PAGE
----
Energy-Driven Markets Power Office Absorption
The Energy industry has played a significant role in the economy’s gradual recovery, according to the new Colliers office market report, which shows that energy markets contributed a disproportionate percentage of total national office absorption in the last year. The dynamics of the energy industry are expected to have a growing impact on all types of commercial real estate in the coming decade.
“The Pittsburgh region is also feeling the positive effects of the Energy sector including oil and gas (Marcellus shale activity), nuclear, wind, and solar all playing a part in the continued positive absorption of office product thorough out our region,” said Paul Horan, Founding Principal at Colliers International | Pittsburgh.
The year-to-date absorption rates for Downtown office inventory in the Pittsburgh market came in at 266,000 SF, and the year-to-date absorption for Class A space in Downtown Pittsburgh was 304,000 SF. Pittsburgh’s suburban office inventory also held strong compared to year-to-date comparisons across the nation, with 742,000 SF of absorption, with 565,000 SF Class A office space.
According to an On Numbers analysis of U.S. Bureau of Labor Statistics data, the Pittsburgh region is in select company, one of only five of the top 100 major metropolitan areas in the United States to hit their highest employment levels in a decade in October 2011. The job market is healthier than at any time since the end of the Great Recession and more small businesses plan to expand the work force.
The Energy sector is fueling our regional strengths, as well as the job surge and demand for office and industrial space in Western Pennsylvania. The Pittsburgh Tribune-Review reports that two Pittsburgh-area counties are showing some of the fastest job growth in the country, and the energy sector is a big contributor, according to federal statistics and an analysis from local experts.
Washington County ranked third nationally and Butler County was sixth in job growth between March 2010 and March 2011, according to a quarterly employment report on the country’s biggest counties from the Bureau of Labor Statistics. As of October 2011, they ranked with 80,200 jobs each with growth of more than 4.2 percent. The national average was 1.3 percent growth.
The Marcellus shale gas rush has fueled much of the recent growth in Washington County. Westinghouse Electric Co.’s move from Monroeville to a Cranberry nuclear energy complex, where it has 5,000 employees, has caused most of Butler County’s growth, officials said. All of that fits into long-term trends, with new infrastructure and construction, good schools and interstate highway access, and the region’s only population growth creating booming economies, local economists said.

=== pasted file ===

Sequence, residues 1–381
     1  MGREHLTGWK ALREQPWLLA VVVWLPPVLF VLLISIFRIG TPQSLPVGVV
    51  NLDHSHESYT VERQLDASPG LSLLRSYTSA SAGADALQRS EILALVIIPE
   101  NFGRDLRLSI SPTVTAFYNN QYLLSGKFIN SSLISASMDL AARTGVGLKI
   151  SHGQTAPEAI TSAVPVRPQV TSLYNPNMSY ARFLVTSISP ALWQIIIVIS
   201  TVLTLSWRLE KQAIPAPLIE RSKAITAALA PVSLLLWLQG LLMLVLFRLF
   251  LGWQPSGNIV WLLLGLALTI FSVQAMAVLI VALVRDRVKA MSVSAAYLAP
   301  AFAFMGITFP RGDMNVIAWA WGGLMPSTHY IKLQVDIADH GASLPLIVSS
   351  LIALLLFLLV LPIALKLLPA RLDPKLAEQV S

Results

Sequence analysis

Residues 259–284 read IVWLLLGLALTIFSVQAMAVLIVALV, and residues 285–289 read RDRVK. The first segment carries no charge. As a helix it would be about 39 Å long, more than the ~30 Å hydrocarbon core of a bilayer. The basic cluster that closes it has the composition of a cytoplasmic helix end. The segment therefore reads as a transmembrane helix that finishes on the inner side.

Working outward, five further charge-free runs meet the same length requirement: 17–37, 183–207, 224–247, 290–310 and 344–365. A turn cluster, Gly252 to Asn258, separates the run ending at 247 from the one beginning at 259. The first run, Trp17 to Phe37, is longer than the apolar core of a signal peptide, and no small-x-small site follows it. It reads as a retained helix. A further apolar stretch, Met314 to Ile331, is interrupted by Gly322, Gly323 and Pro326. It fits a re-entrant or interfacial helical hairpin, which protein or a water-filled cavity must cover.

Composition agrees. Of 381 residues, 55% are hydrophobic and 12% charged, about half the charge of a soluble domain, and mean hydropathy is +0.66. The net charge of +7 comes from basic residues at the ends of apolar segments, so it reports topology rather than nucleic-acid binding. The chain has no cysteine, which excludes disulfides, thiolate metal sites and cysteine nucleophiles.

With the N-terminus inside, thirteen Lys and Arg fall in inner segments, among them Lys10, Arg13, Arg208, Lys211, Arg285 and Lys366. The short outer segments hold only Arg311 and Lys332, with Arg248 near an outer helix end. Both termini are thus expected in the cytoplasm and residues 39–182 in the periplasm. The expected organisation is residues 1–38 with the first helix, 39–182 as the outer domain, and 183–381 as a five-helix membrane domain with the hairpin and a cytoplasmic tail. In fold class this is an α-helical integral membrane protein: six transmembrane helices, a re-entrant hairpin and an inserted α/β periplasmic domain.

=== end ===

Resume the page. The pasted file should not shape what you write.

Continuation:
Pittsburgh is among the markets that have a high concentration of technology and energy firms, and this year, and it is positioned to see a different picture from the rest of the nation. The National Real Estate Investor reported at the end of December that technology and energy sectors have been experiencing strong growth, as leasing demand in such cities should begin to fall in line with supply. The outperformers include San Francisco, Seattle, Houston, Oklahoma City and Pittsburgh.
The Allegheny Conference reports that the Greater Pittsburgh region ranks among the nation’s top 25 employers in each of seven energy-related industries, including coal, natural gas, nuclear, solar, wind, transmission & distribution and intelligent building.
Pittsburgh is home to more than 700 firms in the global energy supply chain. Together they support some 105,000 jobs (directly/indirectly) and generate $13.7 billion in annual economic activity.
For more details plus 2012 office market forecasts and trends, download the new North America Office Highlights report from Colliers International.
Posted on February 21, 2012, in Economy, Office and tagged Colliers International, Commercial Development, Energy, Marcellus Shale, Office Absorption, Pittsburgh Commercial Real Estate. Bookmark the permalink. Comments Off on Energy-Driven Markets Power Office Absorption.